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AWADmail Issue 142November 8, 2004
A Weekly Compendium of Feedback on the Words in A.Word.A.Day and Other Interesting Tidbits about Words and Languages
From: Charles Hruska (chruskaATearthlink.net)
In some ways Neanderthal is both a toponym and eponym. Joachim Neander (1650-1680) was a German hymn writer, whose last name was Neuman (Newman), and who used a Greek form (Nea Ander) of his last name for publications. His home town was named in his honor Neander Thal, that is New Man's Valley, a combination of both Greek and German.
From: Joseph Mcnicholas (joseph_mcnicholasATredlands.edu)
"Neander" means "new man". Very ironic for a word that signifies "old Man" to us, no?
From: Rudy Rosenberg, Sr. (rrosenbergsrATaccuratechemical.com)
A couple of years ago, we stayed in a hotel in Mettmann, near the German city of Düsseldorf. Mettmann is situated smack in the middle of the Valley of the Neander (Neanderthal) where the remains of the original Neanderthal man were discovered.
Although Neanderthal is long extinct, wandering around the area gave me the creepy feeling that I was walking among actual descendants of Neanderthal Man. The inhabitants were neither boorish nor uncouth but some showed distinct physical traits of Neanderthal.
From: Paton J. Lewis (pjlATsymbolcraft.com)
Here is a recent article from Science Daily, which seems to call for a revision of the definition of "Neanderthal". Apparently Neanderthal were not our ancestors, after all.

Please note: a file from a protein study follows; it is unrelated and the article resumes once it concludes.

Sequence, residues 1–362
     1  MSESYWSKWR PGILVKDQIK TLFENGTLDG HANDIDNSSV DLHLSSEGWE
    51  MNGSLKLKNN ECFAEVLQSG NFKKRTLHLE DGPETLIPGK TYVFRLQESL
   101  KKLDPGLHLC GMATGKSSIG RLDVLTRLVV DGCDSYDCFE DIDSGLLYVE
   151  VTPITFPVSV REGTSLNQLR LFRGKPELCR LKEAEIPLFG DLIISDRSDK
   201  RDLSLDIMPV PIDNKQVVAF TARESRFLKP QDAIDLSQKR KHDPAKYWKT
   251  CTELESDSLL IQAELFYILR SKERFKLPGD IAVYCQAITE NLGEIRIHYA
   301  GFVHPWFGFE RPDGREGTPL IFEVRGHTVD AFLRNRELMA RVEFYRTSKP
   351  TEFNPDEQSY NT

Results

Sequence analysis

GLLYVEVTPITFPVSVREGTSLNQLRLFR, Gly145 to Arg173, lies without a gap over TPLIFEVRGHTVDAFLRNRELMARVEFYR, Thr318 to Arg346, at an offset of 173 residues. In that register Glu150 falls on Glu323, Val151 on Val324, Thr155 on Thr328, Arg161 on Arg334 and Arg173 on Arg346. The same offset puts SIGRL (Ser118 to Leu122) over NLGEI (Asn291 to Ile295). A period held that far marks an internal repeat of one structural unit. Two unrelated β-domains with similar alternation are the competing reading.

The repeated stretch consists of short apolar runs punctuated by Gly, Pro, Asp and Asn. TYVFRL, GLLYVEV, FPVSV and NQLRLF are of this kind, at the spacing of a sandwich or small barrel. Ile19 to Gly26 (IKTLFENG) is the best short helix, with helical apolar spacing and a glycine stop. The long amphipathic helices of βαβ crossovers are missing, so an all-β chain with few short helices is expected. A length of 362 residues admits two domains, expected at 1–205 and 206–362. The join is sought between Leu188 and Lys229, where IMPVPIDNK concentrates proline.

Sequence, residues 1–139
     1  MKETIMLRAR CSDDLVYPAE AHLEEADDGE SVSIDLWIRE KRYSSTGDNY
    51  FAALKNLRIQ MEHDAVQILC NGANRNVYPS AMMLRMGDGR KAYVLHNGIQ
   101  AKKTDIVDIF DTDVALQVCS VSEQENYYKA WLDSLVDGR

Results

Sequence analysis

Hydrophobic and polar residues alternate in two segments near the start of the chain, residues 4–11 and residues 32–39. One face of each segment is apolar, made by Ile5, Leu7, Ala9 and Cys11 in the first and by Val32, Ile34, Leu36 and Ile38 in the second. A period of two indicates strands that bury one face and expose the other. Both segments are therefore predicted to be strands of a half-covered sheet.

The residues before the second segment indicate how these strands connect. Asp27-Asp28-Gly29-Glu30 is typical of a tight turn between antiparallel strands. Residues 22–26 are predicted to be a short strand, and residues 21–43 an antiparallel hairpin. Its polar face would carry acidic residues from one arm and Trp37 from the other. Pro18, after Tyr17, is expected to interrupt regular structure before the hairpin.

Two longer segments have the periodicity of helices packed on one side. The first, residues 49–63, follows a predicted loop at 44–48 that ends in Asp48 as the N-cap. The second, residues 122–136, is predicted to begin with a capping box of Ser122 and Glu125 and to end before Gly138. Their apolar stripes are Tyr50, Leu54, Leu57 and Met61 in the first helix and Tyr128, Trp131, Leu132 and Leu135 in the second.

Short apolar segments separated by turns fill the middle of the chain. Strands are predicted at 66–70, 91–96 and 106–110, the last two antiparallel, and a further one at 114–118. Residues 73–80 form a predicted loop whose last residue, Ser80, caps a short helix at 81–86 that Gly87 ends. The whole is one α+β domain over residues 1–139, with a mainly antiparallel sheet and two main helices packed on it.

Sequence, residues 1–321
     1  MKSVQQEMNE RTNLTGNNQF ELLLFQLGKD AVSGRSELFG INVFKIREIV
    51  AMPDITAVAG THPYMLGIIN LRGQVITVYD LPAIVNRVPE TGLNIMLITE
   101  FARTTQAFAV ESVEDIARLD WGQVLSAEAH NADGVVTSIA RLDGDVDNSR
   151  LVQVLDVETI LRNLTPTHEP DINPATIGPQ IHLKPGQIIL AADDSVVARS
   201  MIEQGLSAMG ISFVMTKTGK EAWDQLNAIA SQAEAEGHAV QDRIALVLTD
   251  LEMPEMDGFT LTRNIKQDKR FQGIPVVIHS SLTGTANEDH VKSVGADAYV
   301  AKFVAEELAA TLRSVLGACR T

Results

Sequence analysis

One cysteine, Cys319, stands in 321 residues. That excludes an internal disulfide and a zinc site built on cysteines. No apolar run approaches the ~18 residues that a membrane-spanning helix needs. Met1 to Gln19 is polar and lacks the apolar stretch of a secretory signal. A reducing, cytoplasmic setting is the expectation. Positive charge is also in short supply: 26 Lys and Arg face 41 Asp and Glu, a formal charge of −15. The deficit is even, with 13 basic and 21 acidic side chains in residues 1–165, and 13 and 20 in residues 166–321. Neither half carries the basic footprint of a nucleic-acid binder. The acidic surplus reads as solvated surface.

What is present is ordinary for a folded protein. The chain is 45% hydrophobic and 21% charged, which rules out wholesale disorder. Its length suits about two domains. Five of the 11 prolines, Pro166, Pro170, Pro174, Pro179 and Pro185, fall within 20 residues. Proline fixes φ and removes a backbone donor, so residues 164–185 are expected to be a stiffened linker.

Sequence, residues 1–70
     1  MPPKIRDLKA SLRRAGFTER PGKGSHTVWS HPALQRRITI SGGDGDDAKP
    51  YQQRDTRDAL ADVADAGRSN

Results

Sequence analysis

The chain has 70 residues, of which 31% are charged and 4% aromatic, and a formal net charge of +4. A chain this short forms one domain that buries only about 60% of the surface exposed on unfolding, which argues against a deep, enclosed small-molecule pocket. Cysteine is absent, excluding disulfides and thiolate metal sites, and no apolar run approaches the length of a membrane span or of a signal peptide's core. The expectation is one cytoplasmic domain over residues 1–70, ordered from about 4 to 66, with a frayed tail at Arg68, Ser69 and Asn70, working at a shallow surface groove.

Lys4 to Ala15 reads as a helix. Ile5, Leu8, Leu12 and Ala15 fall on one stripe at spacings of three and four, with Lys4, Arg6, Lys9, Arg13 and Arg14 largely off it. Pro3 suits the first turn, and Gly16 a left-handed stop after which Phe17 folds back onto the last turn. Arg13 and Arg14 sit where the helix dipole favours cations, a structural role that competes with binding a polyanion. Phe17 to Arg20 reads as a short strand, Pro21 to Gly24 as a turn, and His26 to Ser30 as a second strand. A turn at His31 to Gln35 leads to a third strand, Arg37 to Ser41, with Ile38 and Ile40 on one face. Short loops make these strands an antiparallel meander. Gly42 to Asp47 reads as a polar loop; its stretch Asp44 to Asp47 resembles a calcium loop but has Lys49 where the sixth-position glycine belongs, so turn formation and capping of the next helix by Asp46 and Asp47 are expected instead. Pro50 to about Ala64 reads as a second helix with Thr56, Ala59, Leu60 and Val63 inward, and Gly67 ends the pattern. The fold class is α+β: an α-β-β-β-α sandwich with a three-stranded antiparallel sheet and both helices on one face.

From: Samuel Leroy Waltz III (samwaltzATudel.Edu)
As you mentioned, the Neander is a river in Western Germany. "Thal" is old German for valley. As anyone from Hollywood knows, theta is not a naturally occurring sound in German (You will rue ziss day, Dr. Jones!); Germans have since changed their spelling rules (twice!) to reflect this, and now call use the words Neandertal (the Neander valley) and Neandertaler (Neanderthal man). Sam Waltz in Vienna, Austria.
From: Yigal Levin (leviny1ATmail.biu.ac.il)
The definition of "Neanderthal" as "boorish, uncivilized, unenlightened or uncouth" is, of course, based on our own conception of the "primitive caveman". The depiction of the Corinthians as "licentious" and "luxurious", is based on Paul's description of the city in the New Testament. Both, of course, reflect our own prejudices more than they do any historical reality. Another such title is "Philistine", also meaning "boorish, uncivilized, unenlightened or uncouth", and also based on a one sided biblical view.
From: Robert Moniot (moniotATfordham.edu)
Pope Paul VI often wore the traditional kind, a hair shirt. This fact came to light when he was attacked by a knife-wielding would-be assassin in the Philippines in 1970. Possibly the hair shirt turned the knife and saved his life.
From: Dan Bent (danbentATfairmediation.com)
The story of the origin of the toponym, zabernism, reminded me of a story about the Hawaiian King Kamehameha in a similar circumstance. Fortunately for the commoners of Hawaii, the result was more positive than the cobbler's fate with the German military officer.
From: Wallace F. Workmaster (wfworkATadelphia.net)
Zabern -- or Saverne to the French -- is a town in Alsace on the Rhine-Marne Canal at a pass over the Vosges Mountains, northwest of Strasbourg. Because of its strategic location, an Imperial German Army garrison was stationed there prior to World War I.